All ETDs from UAB

Advisory Committee Chair

Colin J Davis

Advisory Committee Members

Jordan R Bauer

Harriet E A Doss

Pamela S King

Document Type


Date of Award


Degree Name by School

Master of Arts (MA) College of Arts and Sciences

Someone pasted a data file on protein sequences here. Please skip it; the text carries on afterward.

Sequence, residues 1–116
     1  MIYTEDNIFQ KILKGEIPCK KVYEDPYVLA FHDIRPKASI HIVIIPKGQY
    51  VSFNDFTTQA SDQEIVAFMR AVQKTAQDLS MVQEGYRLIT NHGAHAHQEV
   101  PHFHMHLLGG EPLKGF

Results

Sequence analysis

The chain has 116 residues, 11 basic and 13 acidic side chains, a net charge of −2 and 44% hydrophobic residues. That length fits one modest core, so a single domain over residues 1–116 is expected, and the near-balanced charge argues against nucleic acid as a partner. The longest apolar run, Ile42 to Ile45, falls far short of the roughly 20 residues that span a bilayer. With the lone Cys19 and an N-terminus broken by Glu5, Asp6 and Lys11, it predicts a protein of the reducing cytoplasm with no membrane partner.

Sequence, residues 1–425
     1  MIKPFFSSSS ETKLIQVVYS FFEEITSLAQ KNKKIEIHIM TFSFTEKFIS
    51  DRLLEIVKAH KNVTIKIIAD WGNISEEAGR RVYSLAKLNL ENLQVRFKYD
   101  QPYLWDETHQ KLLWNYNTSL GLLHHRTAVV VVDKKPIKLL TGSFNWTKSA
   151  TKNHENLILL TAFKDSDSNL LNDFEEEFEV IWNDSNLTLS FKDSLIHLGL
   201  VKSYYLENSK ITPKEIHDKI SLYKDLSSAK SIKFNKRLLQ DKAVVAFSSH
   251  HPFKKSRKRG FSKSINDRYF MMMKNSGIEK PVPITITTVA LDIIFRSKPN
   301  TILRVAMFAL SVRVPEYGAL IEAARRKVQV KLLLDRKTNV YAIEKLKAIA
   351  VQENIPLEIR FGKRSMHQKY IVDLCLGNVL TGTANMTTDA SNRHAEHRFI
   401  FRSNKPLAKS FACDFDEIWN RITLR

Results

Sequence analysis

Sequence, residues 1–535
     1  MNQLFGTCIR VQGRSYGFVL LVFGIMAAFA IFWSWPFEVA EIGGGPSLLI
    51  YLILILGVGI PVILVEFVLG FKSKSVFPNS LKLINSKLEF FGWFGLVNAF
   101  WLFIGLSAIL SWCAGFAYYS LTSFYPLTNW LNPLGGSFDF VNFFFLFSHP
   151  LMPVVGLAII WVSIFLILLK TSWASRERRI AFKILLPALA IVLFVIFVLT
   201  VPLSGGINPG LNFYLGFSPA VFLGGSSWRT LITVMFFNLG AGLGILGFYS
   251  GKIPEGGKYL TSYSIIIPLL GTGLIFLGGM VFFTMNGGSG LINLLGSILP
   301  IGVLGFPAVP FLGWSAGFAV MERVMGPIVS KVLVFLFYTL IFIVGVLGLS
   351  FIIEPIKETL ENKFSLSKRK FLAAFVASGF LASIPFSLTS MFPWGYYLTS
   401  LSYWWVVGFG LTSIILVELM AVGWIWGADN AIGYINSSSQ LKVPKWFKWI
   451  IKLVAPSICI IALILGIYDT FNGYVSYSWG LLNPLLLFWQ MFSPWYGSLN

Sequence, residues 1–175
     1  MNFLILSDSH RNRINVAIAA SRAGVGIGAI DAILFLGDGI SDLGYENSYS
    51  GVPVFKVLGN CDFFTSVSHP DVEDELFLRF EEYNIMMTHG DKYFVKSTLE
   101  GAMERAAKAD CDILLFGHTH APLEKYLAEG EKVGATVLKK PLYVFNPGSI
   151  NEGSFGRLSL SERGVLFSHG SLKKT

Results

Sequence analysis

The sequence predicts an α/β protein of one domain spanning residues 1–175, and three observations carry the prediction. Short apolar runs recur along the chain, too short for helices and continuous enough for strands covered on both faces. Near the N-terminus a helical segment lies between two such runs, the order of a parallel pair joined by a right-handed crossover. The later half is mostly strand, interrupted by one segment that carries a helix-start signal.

Modern Atlanta contains very few physical representations of its history. This stems from an ideal created by businessmen and New South boosters who placed profits and capitalistic endeavors above history and tradition. After the Civil War when General William Tecumseh Sherman left the city of Atlanta in ashes, this ideal was put into practice. The emphases and style of both the physical and economic reconstruction show the beginnings of Atlanta’s future-orientation. Likewise, the urge to promote Atlanta and its economy through national and world expositions in the 1880’s and 1890’s illustrate how this ideal matured into second-nature. The three decades after the Civil War were crucial to Atlanta for creating a base for the city’s future-oriented spirit to thrive for over a century. This thesis hopes to add to the historiography on post-Civil War Atlanta by arguing that an Atlantan-style of Creative Destruction (modeled after Joseph Schumpeter’s idea pertaining to capitalism) was created after Sherman burned the city. It sparked a precedent of destroying the past in order to build for the future that still occurs today. It also argues that throughout the years between 1865 and 1895, Atlanta businessmen and boosters actively began to choose whichever history would provide the best economic situation for their city.



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